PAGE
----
I once heard a quote that said, “I dare you to train for a marathon and not have it change your life.” Before I ran marathons, this quote made me laugh. I use to think that marathons were for the crazies, the ones who looked like beanpoles and obsessively carbo loaded.
Little did I know that one day I’d become one of those crazies; and even more so, little did I know that training for a marathon would, in fact, change my life.
It starts with your feet and ends with your heart. Although you spend many hours tirelessly training and physically acquiring new endurance and strength, it’s the inward lessons of courage, resilience and true grit that leaves an impression.
If you’re thinking about training for a marathon, be prepared: It will change your life. I know it did mine, especially in these five ways:
You see how capable your body is and realize you are stronger than you’ve ever imagined.
This was the first part of marathon training that really struck home for me. Going from barely being able to run 3 miles to building up to running 20 miles weeks later was not an easy feat.
But those often ungodly hours of early morning runs and evening warm-ups slowly began to cumulate into a life-changing realization that my body is strong!
Training my body to push past the “I need to stop” thoughts truly helped me reach a whole new level of courage and grit.
The people you meet and train with along the way will affect your life.
Once an individual outlet, running became a bonding experience with my newfound friends. Unique friendships developed on our long runs. After all, when you run 16 miles with someone, stories get deep fast; and it’s not just the experience of running together, but we also shared special moments and even sometimes heartaches—all the issues that life can bring. These friendships are ones you will never forget.
When your legs get tired, you run with your heart.
I learned this through the sweat, tears and a never-give-up mentality that marathon training instills. There were many moments when I wanted to give up, but the more I challenged my body and trained diligently the more amazed I became.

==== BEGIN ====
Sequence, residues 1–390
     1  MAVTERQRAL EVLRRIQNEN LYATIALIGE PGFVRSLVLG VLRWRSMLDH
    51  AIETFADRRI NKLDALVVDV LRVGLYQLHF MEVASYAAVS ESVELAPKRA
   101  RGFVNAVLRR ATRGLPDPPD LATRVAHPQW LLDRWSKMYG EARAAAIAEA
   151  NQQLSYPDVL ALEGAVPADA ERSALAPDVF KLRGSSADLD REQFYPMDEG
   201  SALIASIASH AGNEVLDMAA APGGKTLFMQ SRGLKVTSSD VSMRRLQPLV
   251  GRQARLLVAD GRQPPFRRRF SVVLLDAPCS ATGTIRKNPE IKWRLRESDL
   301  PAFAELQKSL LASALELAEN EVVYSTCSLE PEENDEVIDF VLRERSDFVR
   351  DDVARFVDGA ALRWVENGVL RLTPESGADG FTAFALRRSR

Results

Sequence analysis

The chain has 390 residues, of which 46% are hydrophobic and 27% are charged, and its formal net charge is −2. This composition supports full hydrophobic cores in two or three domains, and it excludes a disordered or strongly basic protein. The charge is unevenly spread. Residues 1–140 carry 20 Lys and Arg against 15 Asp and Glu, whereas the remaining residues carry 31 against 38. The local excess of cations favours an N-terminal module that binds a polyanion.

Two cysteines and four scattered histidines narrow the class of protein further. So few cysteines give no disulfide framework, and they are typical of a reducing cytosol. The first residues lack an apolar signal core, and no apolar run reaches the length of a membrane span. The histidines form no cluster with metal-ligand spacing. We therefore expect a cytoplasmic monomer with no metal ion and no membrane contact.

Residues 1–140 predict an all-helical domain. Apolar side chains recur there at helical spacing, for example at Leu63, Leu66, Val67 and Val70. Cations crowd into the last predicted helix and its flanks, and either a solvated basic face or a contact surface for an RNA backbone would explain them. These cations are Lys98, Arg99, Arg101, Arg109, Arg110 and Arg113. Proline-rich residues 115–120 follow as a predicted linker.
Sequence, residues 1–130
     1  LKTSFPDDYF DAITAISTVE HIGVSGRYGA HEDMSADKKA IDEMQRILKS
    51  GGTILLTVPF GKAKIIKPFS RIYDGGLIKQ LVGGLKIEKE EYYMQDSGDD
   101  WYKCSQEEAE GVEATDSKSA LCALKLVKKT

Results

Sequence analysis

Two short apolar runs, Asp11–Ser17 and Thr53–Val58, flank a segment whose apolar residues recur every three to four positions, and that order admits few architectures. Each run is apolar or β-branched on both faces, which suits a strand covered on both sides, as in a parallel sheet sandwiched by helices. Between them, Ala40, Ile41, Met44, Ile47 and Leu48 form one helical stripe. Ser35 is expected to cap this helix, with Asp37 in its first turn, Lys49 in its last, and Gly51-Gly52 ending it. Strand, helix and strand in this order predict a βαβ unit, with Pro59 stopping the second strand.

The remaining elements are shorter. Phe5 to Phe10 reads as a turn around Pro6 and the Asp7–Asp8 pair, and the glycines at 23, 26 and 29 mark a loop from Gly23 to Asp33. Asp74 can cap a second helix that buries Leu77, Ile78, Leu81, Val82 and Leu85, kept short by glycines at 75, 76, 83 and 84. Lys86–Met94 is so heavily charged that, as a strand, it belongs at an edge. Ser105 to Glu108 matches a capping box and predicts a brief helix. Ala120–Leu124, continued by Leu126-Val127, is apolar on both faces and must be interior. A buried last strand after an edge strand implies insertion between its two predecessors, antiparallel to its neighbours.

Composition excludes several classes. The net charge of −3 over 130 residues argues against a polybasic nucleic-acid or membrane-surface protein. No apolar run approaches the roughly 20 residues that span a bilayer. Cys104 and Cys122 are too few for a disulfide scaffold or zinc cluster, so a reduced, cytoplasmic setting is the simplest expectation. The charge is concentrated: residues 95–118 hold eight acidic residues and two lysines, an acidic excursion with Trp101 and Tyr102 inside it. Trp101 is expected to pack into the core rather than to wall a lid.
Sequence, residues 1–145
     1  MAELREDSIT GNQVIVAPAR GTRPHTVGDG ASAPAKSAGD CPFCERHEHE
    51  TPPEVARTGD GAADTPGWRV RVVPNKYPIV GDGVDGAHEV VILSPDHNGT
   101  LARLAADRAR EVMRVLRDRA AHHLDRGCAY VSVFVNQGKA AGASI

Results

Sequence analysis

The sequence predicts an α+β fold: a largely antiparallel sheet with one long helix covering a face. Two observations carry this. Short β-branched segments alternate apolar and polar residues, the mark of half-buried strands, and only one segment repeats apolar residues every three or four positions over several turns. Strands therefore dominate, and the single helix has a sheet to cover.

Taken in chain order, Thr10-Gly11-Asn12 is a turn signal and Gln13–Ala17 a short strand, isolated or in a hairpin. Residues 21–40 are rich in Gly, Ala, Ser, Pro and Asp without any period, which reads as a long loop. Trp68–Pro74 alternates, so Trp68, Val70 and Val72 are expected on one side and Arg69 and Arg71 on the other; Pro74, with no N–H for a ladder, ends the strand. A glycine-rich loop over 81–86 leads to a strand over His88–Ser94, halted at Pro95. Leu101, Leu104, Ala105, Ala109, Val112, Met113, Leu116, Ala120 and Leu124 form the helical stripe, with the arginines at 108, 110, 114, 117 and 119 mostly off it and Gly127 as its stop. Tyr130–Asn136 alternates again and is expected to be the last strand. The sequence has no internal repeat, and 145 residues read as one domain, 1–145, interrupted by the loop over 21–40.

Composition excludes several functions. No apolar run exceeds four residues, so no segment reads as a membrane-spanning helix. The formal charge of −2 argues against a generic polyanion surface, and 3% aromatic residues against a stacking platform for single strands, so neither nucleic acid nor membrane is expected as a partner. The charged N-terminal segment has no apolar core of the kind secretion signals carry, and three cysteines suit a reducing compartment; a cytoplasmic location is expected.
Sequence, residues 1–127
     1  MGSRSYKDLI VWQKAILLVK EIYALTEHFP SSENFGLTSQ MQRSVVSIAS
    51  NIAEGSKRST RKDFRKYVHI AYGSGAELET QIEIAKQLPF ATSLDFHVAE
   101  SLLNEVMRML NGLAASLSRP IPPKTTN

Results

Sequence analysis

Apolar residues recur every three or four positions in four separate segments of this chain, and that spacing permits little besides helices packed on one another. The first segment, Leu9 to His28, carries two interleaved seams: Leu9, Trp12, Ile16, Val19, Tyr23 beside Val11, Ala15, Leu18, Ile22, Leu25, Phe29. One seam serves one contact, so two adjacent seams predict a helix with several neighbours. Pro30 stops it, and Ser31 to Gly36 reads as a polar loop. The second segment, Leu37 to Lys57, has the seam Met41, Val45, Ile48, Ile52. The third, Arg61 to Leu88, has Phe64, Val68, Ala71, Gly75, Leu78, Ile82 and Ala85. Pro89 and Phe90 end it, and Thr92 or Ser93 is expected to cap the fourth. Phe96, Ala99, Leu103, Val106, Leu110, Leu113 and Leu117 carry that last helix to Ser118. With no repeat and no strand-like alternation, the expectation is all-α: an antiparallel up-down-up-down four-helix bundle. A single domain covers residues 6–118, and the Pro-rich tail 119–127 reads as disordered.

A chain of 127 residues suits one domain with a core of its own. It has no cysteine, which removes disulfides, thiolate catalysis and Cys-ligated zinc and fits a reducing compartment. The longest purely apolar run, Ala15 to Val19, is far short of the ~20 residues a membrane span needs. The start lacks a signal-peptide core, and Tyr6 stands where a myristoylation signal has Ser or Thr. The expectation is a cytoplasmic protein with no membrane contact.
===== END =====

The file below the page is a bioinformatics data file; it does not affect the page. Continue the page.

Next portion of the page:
I remember so vividly the last two miles of my first marathon. Although my legs had given up at mile 24, my heart and positive thinking kept my momentum going and that indomitable determination took me across the finish line.
You achieve an extreme sense of accomplishment.
A wonderful marathon coach of mine told me that “Less than 5 percent of the population has acquired this goal. So even if you finish last, you’re still one of the top 5 percent of people that will have ever finished.”
This perspective changed everything for me. Nothing beat the feeling of extreme satisfaction—and even the tears that were shed—when I crossed that finish line.
You learn the invaluable lesson to keep moving forward in life.
This was the biggest lesson I learned from marathon training. Although there were times I felt like giving up, I didn’t. I did each training run, fueled my body consistently and woke up at 5 a.m. more times than I could keep track of.
Yes, it was hard and there were many times it would have been easier to sleep in, pig out on junk food or push my crazy dream of running a marathon aside, but I didn’t. I kept going. Even when my legs started to give out, I endured and resisted the urge to stop even if it meant crawling across that finish line.
This lesson became a metaphor in my life: Running taught me to keep moving forward one step at a time, especially through painful moments.
Are you inspired to have a marathon change your life? Check out our event calendar on RACEPLACE.com, and sign up for your first marathon today.